The light given to genealogical investigation by these volumes of the printed records, and eminently so of this present one, is priceless. The vote of July 6, 1655, (Vol. I, page 84,) shows that Thomas Osborn, Sen. was father of Thomas, Jr. But Oct. 27, 1658, Ib, p. 158, the Jr. is chosen constable, proving him then of full age and his father older probably by at least a score of years. There is a tradition in the Osborn family that the Thomas Sen. removed to and died at New Haven, Ct. John Osborn was another son of Thomas Sen., as is shown on page 300, Ib. Benjamin Osborn was also son of Thomas, Sen., as appears on page 406, Ib. After 1686, and up to 1694, the name of Thomas, Jr., does not occur in the records, implying thereby that only one Thomas Osborn resided in the town and lending negative evidence to the truth of the tradition mentioned. That a Jeremiah Osborn, Jr., of New Haven, married Elizabeth Talmage, of this town, June 15th, 1724, is evidence of social intercourse between the Osborn families of the two places, lending further confirmation. The mention of Thomas Osborn, Jr., July 27th, 1694, (page 309, Vol. II,) refers to Thomas, of Wainscott, son of John. And the first Thomas Osborn, Jr., undoubtedly is the Thomas dying "Sept. 25th, 1712, aged about 90 years," mentioned in the record of deaths made by Rev. Nathaniel Huntting.
William Hedges by will dated March 17, 1674, gave property to his widow Rose, to four daughters, to his eldest son Stephen and son Isaac. That Stephen is the one who died July 7th, 1734, "not wanting quite six months of a hundred years old." Data for tracing his descendents abound. Isaac son of William died intestate and letters of Administration on his estate issued in March 1676-7 to his widow Johanna, and her father, Josiah Barnes who also were guardians of a family of unnamed children. To identify these unknown children is the problem. In Vol. II, p. 492 of the records, Jan. 16, 1700-1, occurs a deed from the aforesaid Stephen 2 to Isaac 3, son and heir of Isaac 2, deceased, which identifies that grantee as a grandson of William and probably the Isaac Hedges, Sen. 3, who died Nov. 22d, 1726. Isaac Jr., 4 (son of the latter probably) married Phebe Parsons, Feb. 6, 1723. Their son Jacob 5, deceased, baptized Sept. 23d, 1738, died May 18, 1823, aged nearly 84 years, had a son Jacob 6, who died Sept. 6, 1869, over 85 years old, who had a son Albert L. Hedges 7, now living on Pantigo Lane. The deed named was the only connecting link long lacking to trace the unknown children of Isaac the intestate. March 3d, 1703, this same Isaac 3 conveys to his well-beloved (son) "Samuel," (see Vol. III, p. 57,) named Ib. p. 266 as a "carpenter," engaged in building a house at Montauk about 1713 Ib, p. 296 and 7 and resided there March 12, 1713-17 Ib. p. 368. This is the "Governor Hedges" of Montauk known in tradition, great grandfather of the late Benjamin Hedges, deceased, of Amagansett, formerly of Montauk, and father of the Benjamin and Jonathan formerly of Montauk.

As instances of the genealogical value of these volumes, we cite the following:
Vol. I, John Hand, Sen's will, pp. 178, 179, 180. Nathl. Street's will, p. 189. Wm. Edwards' will, p. 320. Thos. Rose, son and heir of Robert 239. Joseph and Stephen Osborn, brothers, p. 243. Enoch, son of Wm. Fithian, p. 275. Benj. and Joseph Osborn, brothers, p. 281. Steven and John Hand, brothers, p. 284. Geo. Miller, dead, p. 302. Andrew and John Miller, brothers, p. 324. Thos. Edwards, son of Wm., p. 390. Thos. Hand, son of John, p. 497.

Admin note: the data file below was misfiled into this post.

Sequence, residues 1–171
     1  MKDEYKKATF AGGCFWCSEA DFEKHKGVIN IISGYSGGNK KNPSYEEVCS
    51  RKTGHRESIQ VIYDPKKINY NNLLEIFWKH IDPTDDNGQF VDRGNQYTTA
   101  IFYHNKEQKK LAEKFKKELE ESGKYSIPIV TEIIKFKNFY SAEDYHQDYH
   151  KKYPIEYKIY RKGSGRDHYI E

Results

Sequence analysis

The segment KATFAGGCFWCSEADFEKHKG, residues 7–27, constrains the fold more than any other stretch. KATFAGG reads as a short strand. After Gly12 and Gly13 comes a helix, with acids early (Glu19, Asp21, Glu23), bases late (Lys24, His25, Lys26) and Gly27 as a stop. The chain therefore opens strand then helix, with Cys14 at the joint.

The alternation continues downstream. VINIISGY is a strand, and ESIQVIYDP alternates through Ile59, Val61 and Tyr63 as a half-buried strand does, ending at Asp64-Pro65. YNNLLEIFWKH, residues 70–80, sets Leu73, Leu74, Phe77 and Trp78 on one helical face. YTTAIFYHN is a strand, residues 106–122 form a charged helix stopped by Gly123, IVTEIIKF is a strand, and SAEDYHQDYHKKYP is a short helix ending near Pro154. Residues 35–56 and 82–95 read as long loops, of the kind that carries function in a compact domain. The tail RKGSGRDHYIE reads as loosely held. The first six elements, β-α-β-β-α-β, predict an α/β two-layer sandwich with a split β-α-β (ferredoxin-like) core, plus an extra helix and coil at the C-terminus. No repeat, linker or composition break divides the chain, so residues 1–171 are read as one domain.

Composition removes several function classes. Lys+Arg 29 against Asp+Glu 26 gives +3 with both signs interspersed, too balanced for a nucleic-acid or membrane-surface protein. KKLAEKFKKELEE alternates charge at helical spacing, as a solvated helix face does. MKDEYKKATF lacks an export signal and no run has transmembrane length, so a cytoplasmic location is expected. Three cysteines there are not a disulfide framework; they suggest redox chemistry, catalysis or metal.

Vol. II, James Dimon, son of Thomas, p. 113. Nathaniel Baker, son of Thomas, p. 115. John and Thomas, sons of William Edwards, p. 138. John, son of John Osborn, p. 241. Joseph and Jonathan Osborn, sons of William, of Boston, p. 256. Thomas Chatfield, son of Thomas, deceased, p. 267. Josiah Edwards, grandson of William and son of John, p. 285, 308. Thomas Osborn and Ephraim, brothers, p. 318. Thomas Edwards, son of John and grandson of William, p. 365. Thomas Edwards, record of will, p. 385. Caleb and Thomas Osborn, brothers, p. 415. John Stretton, son of John, p. 439. John Stretton, Jr., son of Stephen, p. 442. Thomas Mulford, son of William, p. 466. Enoch and Samuel Fithian, sons of William, p. 477.
Vol. III. Thomas and Edward Osborn, brothers, p. 2. John Miller, oldest son of George, deceased, p. 21. Samuel Parsons, Jr., son of John p. 37. Samuel Hedges, son of Isaac, p. 56. John Brooks, son of John and grandson of Richard, p. 78. Thomas Osborn, Jr., oldest son of John p. 119. Joseph Hand, son of Stephen, deceased, p. 129. Solomon Stretton, oldest son of Richard, deceased, who was oldest son of Richard, p. 141. Josiah Fithian, son of Samuel, p. 162. David and Lewis Conkling, sons of Jeremiah, p. 174. Thomas Baker, son of Thomas, p. 189. Jonathan Baker, son of Nathaniel, p. 215. Thomas Barnes, son of William, deceased, p. 230. John Conkling, son of Ben who is son of Ben, p. 231. Daniel Dayton, son of Samuel, p. 263. Stephen Leek, brother of Ebenezer, deceased, p. 278. Hezekiah Miller, brother of Nathan, nephew of John, p. 289. Nathaniel Hand, son of James, p. 291. Thomas Osborn, son of Benjamin, p. 308. Thomas Osborn, brother of Ephraim, p. 321. William Edwards, son of Thomas, brother of Daniel, p. 336. Thomas Edwards, grandson of William and cousin of Daniel, p. 338. John Miller, son of George, p. 342. Thomas Osborn, son of John, p. 342. Richard Shaw, son of Richard, deceased, p. 361. John Edwards, son of John, p. 373. John Conkling, father-in-law of Nathan Miller, p. 387. Thomas Wheeler, son of John, p. 423. Obadiah Osborn, son of Ephraim, p. 487.